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UM Football 101: Here's How Safeties Communicate With the Defense

UM Safeties Coach Ephraim Banda, Safety Amari Carter Talk About Being 'Visually Vocal'

Throughout the season you’ll see Miami safeties Gurvan Hall Jr., Bubba Bolden and Amari Carter communicating pre-snap with their fellow defenders by giving hand signals. It’s how the safeties get the defense aligned.

“We’ve pretty much got our own little secret codes,” Hall said.

Ephraim Banda, Miami’s co-defensive coordinator/safeties coach, calls that being “visually vocal.”

It’s one of the keys to playing the position. Banda is amazingly detailed and informative in the above video when he talks about the responsibilities of Miami’s safeties.

“In a game you’re not going to be able to speak, or them to hear you,” Banda said. “So you need to be visually vocal with your communication, using your hands, using your signals, pre-snap, to communicate to a defensive back, to a linebacker, to whoever, even us to them. You’ve got to be visually vocal.”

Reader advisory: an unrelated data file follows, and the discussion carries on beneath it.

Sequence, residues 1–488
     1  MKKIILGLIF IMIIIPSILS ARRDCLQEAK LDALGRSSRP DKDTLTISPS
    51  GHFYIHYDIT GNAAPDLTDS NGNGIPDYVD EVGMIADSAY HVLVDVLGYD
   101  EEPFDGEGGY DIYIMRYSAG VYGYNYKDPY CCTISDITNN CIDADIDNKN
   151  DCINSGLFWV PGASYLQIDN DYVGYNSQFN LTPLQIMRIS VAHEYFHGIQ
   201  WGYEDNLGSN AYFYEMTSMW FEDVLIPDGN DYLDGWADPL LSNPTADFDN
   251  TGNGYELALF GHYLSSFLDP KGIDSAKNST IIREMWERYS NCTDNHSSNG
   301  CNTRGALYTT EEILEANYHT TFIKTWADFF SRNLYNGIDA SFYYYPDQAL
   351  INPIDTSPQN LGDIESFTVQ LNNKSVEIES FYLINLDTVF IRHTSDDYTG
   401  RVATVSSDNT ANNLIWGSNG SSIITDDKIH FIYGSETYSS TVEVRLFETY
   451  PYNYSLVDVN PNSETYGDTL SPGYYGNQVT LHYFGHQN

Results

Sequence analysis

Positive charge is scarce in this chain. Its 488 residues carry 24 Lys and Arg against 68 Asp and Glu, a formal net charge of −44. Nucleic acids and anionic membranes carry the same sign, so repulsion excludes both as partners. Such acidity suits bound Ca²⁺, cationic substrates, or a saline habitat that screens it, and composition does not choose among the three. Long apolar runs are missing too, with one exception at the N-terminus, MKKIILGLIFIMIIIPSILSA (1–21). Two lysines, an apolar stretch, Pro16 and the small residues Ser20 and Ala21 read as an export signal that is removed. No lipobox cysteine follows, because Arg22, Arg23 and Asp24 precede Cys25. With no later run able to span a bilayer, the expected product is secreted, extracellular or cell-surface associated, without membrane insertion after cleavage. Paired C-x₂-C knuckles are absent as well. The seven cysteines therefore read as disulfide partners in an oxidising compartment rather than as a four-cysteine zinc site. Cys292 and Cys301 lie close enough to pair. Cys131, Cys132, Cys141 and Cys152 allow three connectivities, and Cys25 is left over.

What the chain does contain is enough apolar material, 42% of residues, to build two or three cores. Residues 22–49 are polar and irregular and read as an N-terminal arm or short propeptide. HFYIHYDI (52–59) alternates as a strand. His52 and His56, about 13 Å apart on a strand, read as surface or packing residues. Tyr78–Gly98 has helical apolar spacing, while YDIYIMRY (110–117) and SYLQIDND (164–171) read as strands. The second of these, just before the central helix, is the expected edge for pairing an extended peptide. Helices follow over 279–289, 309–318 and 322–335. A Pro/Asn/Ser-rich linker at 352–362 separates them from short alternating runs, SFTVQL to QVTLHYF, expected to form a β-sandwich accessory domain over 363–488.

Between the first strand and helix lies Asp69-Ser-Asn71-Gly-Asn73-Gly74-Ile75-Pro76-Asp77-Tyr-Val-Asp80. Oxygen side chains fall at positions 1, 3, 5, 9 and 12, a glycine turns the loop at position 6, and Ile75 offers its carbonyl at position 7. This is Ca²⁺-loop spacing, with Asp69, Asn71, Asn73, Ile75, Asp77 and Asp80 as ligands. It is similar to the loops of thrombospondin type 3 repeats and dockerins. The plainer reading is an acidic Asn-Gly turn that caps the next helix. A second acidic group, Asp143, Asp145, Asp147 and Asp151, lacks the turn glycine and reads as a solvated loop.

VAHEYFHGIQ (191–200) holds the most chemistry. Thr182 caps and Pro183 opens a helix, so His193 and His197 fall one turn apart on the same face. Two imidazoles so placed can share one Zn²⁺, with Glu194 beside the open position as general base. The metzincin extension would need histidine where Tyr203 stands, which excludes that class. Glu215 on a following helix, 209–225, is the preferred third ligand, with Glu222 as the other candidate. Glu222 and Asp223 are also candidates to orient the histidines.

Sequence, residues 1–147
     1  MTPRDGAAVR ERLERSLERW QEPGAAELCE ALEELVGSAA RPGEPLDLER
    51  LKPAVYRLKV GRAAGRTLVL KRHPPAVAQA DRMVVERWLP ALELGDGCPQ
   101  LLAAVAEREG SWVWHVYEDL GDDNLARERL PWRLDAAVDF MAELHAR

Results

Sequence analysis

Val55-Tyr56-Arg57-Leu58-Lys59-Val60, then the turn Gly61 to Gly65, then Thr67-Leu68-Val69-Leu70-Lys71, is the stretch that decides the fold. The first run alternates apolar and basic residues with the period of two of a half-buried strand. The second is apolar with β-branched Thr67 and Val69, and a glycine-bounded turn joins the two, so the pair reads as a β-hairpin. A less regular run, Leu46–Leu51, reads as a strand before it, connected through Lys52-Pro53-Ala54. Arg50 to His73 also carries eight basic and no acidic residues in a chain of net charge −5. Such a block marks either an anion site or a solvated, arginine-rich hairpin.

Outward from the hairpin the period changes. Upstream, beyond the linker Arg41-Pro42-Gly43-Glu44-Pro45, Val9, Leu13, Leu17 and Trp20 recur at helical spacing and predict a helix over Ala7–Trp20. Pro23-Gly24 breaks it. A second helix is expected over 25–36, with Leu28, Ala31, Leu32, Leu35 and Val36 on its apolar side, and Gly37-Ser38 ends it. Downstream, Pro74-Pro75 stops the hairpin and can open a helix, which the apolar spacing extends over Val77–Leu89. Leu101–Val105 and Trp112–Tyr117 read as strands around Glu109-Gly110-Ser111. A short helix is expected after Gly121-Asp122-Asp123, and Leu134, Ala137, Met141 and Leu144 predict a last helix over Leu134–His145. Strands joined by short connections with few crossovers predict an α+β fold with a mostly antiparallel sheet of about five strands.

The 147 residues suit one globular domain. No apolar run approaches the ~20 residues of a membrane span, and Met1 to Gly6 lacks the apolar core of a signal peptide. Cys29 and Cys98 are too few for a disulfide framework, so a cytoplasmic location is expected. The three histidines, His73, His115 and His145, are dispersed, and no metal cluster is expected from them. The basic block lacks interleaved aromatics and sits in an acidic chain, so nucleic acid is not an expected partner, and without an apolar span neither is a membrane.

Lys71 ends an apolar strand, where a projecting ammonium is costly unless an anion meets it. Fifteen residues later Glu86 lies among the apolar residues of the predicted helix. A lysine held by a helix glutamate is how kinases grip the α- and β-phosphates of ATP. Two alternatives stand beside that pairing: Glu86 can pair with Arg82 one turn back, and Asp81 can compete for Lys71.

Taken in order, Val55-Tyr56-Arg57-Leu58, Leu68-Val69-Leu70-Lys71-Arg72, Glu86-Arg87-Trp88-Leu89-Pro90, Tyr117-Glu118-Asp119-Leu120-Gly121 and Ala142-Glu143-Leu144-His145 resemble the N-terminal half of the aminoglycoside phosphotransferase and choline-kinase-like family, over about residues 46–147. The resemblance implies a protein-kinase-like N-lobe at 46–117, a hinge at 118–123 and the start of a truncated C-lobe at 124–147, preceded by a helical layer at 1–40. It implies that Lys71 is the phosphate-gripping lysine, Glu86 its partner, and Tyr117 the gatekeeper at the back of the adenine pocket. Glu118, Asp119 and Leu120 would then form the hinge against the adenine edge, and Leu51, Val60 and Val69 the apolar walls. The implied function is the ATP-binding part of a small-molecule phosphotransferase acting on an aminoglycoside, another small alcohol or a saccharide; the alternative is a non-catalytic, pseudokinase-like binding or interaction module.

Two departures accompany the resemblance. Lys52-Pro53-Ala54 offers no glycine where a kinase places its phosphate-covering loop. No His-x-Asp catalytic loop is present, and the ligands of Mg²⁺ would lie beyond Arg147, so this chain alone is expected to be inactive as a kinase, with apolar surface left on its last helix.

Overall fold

Most likely, Hall and Bolden will serve as starters this year. But Carter will see time, too.

“I feel really good about those first three,” Banda said. “They’ve done a great job in the summer. They’ve done a good job through training camp. I thought Bubba and Gurvan had really good training camps. Obviously, Amari is ‘Mr. Steady’ and has done a great job being a professional throughout the pandemic and time off of really being a pro.”

As well as Banda does explaining why communication is important for Miami’s safeties, watch Carter in the video below explain the process of how Miami’s safeties read a defense and then communicate.

Both Hall and Carter said Miami’s new up-tempo offense, under the direction of coordinator Rhett Lashlee and quarterback D’Eriq King, poses difficult pre-snap challenges.

But as long as they can identify what’s going on and communicate that to the rest of the defense they’re off to a good start.

“You’ve got to be able to communicate,” Banda said. “And you’ve also got to be able to see the whole picture and understand what you’re seeing. And you can’t understand what you’re seeing if you never really took the time in the film room to really learn those things so you can get out there and actually communicate the right things.”